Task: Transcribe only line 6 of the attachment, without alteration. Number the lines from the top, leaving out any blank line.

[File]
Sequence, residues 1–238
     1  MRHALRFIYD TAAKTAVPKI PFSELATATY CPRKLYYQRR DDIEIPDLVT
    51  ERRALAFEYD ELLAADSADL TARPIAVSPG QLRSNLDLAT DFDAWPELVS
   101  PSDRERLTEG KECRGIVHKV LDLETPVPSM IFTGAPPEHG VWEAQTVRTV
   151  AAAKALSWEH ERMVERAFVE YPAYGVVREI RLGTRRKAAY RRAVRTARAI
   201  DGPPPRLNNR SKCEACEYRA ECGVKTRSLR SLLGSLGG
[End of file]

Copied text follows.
   201  DGPPPRLNNR SKCEACEYRA ECGVKTRSLR SLLGSLGG